Pacing Power is all horse. Previously his leading role had been that of a stayer, but on Saturday he outstripped the best sprinters in commission, and no matter whether some of the chanpions stood on the mark or not, a championship is a championship calling for good manners and solidity in a horse, as well as speed and stamina. Pacing Power has all these attributes in liberal measure, and, only now six-years-old, he may yet inscribe his name on the roll of NZ Cup winners, because he has not been over-raced and may be just reaching his prime.

    Driven by F G Holmes. Driven by L A Maidens. Driven by J B Pringle. The winner won by a head, with three lengths back to third. Times: , , A great deal hung upon this race - the general welfare of the trotter, his status on future Metropolitan programmes, his eventual right to equal opportunities with the pacer. It must be confessed that as a spectacle the Dominion Handicap was a complete let-down for those ardent supporters of the trotter who have been pleading his case.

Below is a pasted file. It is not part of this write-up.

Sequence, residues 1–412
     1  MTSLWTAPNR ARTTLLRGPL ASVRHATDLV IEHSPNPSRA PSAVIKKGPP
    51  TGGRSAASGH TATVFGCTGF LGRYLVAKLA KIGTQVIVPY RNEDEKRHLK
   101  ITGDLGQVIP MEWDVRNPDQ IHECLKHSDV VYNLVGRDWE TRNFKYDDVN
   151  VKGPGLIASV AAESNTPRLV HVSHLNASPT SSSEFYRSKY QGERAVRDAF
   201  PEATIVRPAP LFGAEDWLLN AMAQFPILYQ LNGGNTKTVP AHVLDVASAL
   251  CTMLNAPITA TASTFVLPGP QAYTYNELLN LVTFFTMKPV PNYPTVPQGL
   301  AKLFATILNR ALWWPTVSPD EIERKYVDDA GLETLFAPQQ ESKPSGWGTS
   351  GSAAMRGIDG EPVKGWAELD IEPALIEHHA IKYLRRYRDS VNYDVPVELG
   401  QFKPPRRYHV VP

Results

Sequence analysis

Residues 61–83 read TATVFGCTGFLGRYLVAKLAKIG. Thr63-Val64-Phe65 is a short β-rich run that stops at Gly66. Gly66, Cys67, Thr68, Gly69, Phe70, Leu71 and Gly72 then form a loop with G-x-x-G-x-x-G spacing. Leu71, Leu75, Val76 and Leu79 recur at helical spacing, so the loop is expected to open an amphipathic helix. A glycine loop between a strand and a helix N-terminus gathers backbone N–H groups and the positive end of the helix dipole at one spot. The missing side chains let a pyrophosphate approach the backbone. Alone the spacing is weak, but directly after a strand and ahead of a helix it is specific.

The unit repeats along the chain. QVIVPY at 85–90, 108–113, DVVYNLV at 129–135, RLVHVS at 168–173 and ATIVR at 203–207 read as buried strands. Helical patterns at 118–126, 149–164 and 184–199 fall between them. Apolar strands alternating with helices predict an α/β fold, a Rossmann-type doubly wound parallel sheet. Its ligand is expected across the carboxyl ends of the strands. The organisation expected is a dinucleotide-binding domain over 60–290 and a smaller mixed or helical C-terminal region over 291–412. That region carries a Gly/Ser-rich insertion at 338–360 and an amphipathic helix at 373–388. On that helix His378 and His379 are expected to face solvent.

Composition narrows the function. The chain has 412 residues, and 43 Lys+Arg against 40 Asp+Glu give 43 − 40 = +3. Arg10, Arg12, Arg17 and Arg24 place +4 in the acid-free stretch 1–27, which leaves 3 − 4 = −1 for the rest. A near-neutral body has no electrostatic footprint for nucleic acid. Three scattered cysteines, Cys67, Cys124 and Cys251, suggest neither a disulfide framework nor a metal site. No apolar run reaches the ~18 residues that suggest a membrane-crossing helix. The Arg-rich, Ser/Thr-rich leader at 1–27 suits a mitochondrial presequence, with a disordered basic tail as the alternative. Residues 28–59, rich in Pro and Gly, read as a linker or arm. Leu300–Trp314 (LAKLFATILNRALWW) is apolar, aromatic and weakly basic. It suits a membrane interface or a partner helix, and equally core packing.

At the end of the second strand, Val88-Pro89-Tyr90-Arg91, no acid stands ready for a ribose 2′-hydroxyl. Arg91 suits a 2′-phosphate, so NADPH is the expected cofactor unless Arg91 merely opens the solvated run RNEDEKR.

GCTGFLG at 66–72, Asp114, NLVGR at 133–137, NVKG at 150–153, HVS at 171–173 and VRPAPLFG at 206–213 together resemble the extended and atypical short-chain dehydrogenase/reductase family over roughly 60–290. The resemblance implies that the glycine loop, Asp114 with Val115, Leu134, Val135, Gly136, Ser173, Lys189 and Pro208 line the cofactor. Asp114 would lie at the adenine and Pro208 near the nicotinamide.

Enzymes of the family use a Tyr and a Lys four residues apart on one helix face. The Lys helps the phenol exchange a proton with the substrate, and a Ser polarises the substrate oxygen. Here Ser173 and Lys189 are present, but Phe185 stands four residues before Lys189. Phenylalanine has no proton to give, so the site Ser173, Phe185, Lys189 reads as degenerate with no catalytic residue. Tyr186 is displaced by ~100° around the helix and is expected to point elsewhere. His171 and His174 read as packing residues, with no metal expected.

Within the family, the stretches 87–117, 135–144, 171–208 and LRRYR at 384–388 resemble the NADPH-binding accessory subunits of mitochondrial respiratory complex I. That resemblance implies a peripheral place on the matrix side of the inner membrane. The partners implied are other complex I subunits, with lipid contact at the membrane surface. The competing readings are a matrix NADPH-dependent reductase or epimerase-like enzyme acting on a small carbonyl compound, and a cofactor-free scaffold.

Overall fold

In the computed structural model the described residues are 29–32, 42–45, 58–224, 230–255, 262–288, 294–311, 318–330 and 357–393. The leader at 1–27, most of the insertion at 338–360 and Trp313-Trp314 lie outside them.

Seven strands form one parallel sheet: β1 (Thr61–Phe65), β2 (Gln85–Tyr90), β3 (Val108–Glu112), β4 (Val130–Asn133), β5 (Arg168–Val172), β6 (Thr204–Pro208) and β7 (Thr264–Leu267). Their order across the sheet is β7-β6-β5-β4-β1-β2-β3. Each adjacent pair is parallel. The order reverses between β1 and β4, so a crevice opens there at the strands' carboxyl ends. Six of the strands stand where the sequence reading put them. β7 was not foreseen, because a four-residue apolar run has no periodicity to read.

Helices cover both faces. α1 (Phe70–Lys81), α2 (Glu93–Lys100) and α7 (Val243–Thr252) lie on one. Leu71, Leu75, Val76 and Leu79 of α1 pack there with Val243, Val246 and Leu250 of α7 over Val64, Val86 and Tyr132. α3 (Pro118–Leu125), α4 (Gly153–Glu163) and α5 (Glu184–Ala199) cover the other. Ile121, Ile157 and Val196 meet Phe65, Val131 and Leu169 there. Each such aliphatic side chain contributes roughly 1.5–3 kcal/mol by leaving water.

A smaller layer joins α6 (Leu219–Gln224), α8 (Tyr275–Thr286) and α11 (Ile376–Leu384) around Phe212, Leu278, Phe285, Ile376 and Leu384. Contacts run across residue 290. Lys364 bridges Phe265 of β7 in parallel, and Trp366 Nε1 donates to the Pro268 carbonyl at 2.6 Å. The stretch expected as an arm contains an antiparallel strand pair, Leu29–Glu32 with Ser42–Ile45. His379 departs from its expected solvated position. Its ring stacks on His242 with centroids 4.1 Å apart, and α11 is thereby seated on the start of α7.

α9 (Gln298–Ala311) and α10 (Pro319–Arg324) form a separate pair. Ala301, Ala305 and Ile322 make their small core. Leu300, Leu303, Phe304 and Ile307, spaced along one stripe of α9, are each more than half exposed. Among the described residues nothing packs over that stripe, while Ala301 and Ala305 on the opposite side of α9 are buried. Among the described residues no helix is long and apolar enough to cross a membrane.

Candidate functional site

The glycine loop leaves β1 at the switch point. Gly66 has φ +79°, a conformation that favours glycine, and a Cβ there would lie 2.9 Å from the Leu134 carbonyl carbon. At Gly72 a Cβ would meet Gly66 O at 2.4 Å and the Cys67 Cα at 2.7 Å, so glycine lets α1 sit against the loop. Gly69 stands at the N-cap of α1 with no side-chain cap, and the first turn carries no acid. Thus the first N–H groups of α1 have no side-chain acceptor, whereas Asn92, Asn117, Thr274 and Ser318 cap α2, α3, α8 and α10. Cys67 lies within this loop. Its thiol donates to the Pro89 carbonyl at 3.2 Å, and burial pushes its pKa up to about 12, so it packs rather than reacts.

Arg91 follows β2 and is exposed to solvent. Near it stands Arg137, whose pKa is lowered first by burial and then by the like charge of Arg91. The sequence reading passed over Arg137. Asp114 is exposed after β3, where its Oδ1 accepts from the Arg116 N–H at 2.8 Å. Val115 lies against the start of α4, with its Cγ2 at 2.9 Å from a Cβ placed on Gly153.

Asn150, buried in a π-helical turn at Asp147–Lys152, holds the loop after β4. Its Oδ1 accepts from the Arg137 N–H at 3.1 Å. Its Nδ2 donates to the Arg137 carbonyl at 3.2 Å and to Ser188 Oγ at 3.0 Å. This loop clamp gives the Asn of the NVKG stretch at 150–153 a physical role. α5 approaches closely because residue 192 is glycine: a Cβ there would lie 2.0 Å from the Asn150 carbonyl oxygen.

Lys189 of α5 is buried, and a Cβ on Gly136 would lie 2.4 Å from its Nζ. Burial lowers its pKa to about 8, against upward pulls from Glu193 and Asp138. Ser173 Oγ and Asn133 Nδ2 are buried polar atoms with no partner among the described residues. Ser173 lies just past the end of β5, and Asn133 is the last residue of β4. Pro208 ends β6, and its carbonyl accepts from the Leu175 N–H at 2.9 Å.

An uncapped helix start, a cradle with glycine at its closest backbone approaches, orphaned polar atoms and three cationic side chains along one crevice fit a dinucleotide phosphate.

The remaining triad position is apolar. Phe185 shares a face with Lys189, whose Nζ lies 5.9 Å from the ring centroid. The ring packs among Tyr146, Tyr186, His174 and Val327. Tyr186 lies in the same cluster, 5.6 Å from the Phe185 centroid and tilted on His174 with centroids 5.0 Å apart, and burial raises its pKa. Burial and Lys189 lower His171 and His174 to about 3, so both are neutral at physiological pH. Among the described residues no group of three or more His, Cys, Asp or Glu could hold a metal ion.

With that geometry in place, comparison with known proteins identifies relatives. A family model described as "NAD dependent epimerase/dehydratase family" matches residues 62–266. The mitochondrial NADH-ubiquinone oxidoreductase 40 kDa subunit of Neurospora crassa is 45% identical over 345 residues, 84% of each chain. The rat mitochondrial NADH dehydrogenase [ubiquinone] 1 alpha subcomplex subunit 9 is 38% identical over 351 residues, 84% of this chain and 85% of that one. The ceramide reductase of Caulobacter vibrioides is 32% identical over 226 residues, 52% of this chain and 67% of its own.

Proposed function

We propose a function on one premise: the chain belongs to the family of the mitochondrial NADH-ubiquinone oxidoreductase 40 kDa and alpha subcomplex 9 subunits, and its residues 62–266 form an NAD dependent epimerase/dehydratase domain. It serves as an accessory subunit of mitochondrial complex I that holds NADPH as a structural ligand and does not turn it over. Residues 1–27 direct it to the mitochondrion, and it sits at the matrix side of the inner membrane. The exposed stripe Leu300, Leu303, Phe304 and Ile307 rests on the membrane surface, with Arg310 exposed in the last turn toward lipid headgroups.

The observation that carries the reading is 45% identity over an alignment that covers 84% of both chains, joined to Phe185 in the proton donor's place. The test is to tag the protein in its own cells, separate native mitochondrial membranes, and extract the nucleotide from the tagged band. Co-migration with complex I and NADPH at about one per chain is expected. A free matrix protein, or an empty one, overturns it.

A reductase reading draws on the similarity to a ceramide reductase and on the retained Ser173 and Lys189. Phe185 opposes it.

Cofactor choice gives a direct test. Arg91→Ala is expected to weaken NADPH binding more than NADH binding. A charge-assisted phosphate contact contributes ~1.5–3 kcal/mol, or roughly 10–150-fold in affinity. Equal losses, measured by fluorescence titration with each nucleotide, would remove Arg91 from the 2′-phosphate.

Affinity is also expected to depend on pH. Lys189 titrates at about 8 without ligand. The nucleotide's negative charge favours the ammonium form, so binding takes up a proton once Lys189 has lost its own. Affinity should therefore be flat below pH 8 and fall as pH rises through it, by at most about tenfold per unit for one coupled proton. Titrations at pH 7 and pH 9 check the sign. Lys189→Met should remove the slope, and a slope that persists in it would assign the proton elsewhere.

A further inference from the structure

The fact that the principal two-mile events for pacers were run in much the same way is no excuse - this was the trotter's opportunity to step into the breach and put on a real show. But everyone was content to allow Steel King to slow the field to a jog for more than a mile. Many of the field broke because they were only scratching along.

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    Casabianca had the run of the race and would probably have won in any circumstances, but that does not exonerate any member of the field from a charge of tedious loitering. They will have to do much better than that. Trained by the owner and driven by J B Pringle, started from scratch.

    Driven by W R Butt, started from scratch. Driven by A Holmes, started off 12yds. Driven by G B Noble, started off 24yds.